That was kind of an annoying thing about him, sure, but it's pretty insignificant. Just to be fair to him, I will mention that I shuffle my feet when I wear sandals, and it makes noise. Actually, pretty much everything I do makes noise. That's an annoying thing about me, call it even.

After I'd been dating Josh for a while, I noticed that he always, always parked in the back. Even if there were a bunch of spaces up front, empty and waiting to be filled, he just pulled in to the first place he found, and it was done. It was such a contrast to what I was used to. I finally made a joke about it one day.

"Uh, you know. There's an empty space in the next lot that I think is slightly farther from the store than this one."

"I hate driving around for a space. I can walk."

It was like the clouds lifted. This philosophy, so odd and illogical seeming, made sense to me. Finding a parking space in a crowded lot can be stressful, what with all the other cars and the stalking of pedestrians who might have be vacating a prime location soon. And to think, I could just bypass all of that by parking in the back. As my mother would say, "Do you have two broken legs?" I'm twenty-four years old. I can walk an extra fifty meters.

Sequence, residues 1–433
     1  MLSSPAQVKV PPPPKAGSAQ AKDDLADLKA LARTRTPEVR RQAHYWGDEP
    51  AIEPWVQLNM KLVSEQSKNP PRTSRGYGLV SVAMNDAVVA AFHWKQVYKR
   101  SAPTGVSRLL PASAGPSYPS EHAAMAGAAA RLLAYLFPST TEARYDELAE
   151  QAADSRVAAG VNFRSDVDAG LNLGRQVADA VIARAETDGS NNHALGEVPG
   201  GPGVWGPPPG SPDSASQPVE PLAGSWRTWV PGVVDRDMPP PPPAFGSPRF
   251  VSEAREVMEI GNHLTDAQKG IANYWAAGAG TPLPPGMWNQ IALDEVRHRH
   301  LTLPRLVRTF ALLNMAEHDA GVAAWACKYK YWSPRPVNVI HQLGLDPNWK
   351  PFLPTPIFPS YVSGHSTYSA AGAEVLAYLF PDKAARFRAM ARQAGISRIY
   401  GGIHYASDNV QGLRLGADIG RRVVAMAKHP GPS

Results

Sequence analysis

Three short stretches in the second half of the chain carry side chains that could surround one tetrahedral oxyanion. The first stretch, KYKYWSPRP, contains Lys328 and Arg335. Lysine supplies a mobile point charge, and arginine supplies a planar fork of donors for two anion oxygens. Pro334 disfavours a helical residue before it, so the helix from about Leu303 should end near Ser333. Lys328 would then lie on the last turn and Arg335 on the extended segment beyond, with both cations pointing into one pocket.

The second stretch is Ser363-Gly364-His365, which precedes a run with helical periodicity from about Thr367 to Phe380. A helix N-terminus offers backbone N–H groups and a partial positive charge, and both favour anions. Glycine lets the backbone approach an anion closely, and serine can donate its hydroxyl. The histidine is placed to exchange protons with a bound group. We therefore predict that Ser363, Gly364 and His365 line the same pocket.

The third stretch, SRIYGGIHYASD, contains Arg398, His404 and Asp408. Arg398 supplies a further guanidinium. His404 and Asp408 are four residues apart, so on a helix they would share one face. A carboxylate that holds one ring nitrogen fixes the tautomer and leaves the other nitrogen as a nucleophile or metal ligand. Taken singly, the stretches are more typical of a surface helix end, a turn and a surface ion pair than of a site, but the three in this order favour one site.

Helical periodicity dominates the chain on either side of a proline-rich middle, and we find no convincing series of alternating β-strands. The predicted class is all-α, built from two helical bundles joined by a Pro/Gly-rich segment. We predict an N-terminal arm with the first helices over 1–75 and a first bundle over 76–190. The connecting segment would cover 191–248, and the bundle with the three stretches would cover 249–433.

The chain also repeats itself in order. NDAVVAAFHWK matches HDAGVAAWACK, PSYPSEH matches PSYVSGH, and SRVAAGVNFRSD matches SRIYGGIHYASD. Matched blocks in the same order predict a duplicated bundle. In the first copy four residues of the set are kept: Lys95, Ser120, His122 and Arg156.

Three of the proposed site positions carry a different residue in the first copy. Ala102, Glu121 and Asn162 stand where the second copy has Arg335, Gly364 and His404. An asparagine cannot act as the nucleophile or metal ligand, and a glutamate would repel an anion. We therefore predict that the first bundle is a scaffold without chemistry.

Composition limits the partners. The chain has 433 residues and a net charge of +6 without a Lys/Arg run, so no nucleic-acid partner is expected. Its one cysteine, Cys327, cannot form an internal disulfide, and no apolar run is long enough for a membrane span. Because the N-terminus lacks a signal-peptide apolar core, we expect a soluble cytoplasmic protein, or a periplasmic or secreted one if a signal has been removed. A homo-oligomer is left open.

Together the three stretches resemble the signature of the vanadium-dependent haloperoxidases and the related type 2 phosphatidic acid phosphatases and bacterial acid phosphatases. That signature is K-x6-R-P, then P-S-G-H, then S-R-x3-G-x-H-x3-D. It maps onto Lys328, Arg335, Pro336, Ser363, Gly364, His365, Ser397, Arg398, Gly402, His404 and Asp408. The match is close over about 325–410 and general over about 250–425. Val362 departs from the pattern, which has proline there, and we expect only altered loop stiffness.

I kid you not when I say this attitude has changed my life. It's a very specific example of not sweating the small stuff. Today, this is my advice for a happier life to you. Park in the back. And as you make the long walk up to the store, feel free to shuffle your feet.


30 ways.

A friend sent me this blog post of thirty random ways to lead a happier life. Of course, lists like this always are a bit revealing into the priorities of the writer. Since I air out my psyche all the time for you people, I made a list of my own. However, I decided not to post it.

Just kidding, here it is. Feel free to add your own in the comments section.

1. Take naps.
2. Unplug sometimes.
3. Challenge your brain. Do puzzles, play thinking games, read a hard book.
4. Frolic every once in a while.
5. Go to the zoo. Something tells me it's all happenin' there.
6. Send snail mail, for special occasions and for no good reason.
7. Put up a (humming)bird feeder.
8. Go someplace you've never been.
9. Give out genuine compliments like free candy.
10. Eat ice cream for supper sometimes. Name brand ice cream, even if it's not on sale.
11. Listen to old people tell stories.
12. Snuggle.
13. Hang out with your family. Never turn your back on them. If they irritate you, it's because they are like you.
14. Leave time to improvise during your vacation.
15. Learn to be proud of the things that make you different. Revel in them.
16. Go barefoot.
17. Donate everything you can to someone else before you even consider throwing it away.
18. Learn to cook at least one thing that you really like to eat yourself.
19. Try new foods.
20. Drive with the windows down.
21. Don't ever lose anyone you like due to drifting. Feel free to let those you don't like fade away.
22. Buy a hammock. Preferably one big enough for two people.
23. Perform random acts of kindness when you know you will never get recognition for them.
24. Wear silly sunglasses or hats or jewelry or anything.